If you've followed Villa for over thirty years like me, rumours that Martin O'Neill tendered his resignation after meeting owner Randy Lerner has more than a whiff of our long and extinguished history.
Just as we look like producing a winning team, competing for the big prizes, the owner b****cks it up by failing to back the manager, who then walks out - or gets the sack.
Villa fans have experienced this before: just the names have changed. For Randy Lerner, read Deadly Doug: for O'Neill, read Ron Saunders, Ron Atkinson and Brian Little.
O'Neill's talks with Randy are said to have revolved around the transfer budget for next season.
Although there are legitimate concerns about the relationship between owner and manager – Lerner's thought to want to cut the squad and wage bill this summer, countering O'Neill’s demands of a continued cash injection – Villa swiftly denied the Ulsterman had left the club.
The confusion came just days after Villa’s devastating 7-1 defeat at Chelsea, which has left our chances of a top four finish look slim. It was a result which O’Neill took full responsibility for.
He said: "The buck stops with me. It is my responsibility, it is as simple as that. Thankfully we don't have any midweek games now for a little while - but that would sound like the number of games we've played is an excuse. Please don't even go there - that was nothing to do with whether we had a midweek game or not.
"We've shown a lot more desire and a lot more character than we did against Chelsea and that is totally my responsibility. Whatever you say about performances and it is all very well talking about the players, that is down to me and that is my responsibility."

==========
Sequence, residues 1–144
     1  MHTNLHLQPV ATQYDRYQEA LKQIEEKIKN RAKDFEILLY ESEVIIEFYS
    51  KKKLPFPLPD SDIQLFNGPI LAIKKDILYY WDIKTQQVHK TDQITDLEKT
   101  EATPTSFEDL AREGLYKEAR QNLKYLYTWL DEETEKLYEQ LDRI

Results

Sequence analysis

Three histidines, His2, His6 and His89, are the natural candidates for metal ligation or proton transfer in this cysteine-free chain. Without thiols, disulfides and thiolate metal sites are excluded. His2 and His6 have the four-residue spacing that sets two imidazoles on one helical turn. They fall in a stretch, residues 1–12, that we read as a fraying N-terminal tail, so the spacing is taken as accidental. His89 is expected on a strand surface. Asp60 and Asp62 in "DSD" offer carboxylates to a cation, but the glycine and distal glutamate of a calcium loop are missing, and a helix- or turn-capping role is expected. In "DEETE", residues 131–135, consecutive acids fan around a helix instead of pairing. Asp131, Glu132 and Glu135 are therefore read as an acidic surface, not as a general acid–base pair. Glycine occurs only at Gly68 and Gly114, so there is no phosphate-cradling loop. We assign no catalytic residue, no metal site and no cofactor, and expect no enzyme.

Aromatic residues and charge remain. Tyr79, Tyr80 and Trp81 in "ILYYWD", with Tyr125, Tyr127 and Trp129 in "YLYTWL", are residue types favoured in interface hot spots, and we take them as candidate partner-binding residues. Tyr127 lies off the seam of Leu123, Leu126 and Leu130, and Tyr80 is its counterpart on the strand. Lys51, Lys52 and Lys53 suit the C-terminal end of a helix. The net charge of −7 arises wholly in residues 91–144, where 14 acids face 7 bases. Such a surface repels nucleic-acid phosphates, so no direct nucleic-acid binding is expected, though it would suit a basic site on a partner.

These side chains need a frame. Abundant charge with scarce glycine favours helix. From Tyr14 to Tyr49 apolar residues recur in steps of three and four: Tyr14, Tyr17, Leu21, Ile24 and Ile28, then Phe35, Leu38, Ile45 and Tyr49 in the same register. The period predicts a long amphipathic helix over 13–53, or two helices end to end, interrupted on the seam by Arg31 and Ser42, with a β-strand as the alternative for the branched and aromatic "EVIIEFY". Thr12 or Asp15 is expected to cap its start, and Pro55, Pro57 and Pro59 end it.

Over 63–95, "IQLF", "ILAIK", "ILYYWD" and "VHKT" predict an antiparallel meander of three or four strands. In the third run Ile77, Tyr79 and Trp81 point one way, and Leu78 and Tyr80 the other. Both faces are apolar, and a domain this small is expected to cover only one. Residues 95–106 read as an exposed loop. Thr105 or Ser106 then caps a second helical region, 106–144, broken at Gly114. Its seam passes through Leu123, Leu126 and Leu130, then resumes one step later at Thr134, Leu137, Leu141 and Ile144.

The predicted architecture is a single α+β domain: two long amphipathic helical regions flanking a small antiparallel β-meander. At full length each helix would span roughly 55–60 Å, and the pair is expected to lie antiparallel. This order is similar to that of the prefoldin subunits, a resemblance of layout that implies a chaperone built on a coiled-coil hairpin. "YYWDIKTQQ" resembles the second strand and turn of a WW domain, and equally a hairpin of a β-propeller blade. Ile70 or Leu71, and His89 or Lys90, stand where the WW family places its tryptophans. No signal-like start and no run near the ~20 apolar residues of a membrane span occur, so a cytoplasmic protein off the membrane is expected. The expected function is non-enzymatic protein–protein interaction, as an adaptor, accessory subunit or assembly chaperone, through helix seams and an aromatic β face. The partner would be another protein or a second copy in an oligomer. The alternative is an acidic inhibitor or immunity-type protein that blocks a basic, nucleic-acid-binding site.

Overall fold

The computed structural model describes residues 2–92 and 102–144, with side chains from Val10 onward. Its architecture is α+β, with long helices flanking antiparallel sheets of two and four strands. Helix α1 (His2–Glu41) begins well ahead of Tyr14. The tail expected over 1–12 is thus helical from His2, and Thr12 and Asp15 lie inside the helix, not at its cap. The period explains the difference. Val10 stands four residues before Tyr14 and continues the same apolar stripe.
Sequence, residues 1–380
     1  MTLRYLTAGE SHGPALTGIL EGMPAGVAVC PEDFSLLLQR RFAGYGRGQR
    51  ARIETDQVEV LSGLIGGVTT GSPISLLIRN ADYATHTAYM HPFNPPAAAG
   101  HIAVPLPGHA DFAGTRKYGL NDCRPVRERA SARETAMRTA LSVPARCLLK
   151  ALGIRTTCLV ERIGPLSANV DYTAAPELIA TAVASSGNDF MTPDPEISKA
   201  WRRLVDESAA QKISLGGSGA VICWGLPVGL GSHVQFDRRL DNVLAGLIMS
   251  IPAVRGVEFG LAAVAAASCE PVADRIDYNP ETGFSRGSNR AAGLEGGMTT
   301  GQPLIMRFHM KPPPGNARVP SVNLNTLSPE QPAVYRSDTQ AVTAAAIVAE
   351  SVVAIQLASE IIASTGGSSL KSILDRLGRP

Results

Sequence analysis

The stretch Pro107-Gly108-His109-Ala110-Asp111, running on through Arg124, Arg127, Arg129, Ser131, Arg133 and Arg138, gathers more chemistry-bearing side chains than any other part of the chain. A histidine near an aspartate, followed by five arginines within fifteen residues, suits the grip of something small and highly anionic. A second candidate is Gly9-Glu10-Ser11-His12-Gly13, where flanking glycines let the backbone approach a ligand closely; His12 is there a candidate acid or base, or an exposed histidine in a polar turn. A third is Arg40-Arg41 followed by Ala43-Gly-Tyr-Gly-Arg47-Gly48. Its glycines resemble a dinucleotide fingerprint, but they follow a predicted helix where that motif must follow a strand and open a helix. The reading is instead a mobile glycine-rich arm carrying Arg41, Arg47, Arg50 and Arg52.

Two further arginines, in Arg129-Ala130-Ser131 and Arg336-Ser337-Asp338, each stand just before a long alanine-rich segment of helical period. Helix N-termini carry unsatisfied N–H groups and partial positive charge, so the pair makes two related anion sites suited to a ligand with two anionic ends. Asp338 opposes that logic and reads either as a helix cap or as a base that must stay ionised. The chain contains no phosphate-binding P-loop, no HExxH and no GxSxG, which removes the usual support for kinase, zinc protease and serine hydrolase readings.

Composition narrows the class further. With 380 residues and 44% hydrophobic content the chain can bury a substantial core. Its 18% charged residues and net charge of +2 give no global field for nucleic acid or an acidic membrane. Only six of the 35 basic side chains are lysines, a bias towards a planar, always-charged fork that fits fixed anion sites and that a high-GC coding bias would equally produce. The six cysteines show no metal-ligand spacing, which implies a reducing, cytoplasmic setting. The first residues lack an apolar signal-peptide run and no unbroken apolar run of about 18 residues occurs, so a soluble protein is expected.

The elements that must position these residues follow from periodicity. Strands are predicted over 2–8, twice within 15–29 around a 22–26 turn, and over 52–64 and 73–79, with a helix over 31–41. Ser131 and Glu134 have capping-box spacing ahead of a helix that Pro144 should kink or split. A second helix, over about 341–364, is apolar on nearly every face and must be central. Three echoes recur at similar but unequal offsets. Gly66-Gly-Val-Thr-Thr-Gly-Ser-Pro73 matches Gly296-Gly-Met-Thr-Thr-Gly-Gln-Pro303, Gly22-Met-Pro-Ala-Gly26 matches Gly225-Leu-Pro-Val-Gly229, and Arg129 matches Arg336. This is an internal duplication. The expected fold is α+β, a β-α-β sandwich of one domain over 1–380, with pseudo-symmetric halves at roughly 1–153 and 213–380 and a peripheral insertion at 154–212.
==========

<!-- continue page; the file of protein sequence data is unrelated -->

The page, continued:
Villa must play Chelsea again in their FA Cup semi-final on April 10.
You might be a Villa fan, you might be a fan of the team we're playing. You might've "only come to see the Villa!". What's undeniable is the sheer passion and entertainment value of the Villa boss watching the game unfold on the touchline. Rarely has there been a manager watch with such intensity. Rather than kicking every ball like some rabid Dave Bassett or Barry Fry, O'Neill's accessing his sizeable intellect. A ticking timebomb, he scans the pitch judging the victor of individual player battles, assessing the tactical spread of players and where the threat is coming from in the opposition line-up - real or existential!
So when we score, he jumps with the eruption of a volcano. The larvae in his explosive body can't hold anymore.
He's a man who understands what's needed and if Villa are serious about becoming a force in Europe again, Randy needs to back the former Celtic chief. He's the best man for the job, no question.
Otherwise the Big Project is over - and Villa will be consigned to mid-table obscurity or worse!
For your Soccermongery delectation, here's a collage of O'Neill in action! Pictures expressing his many emotions.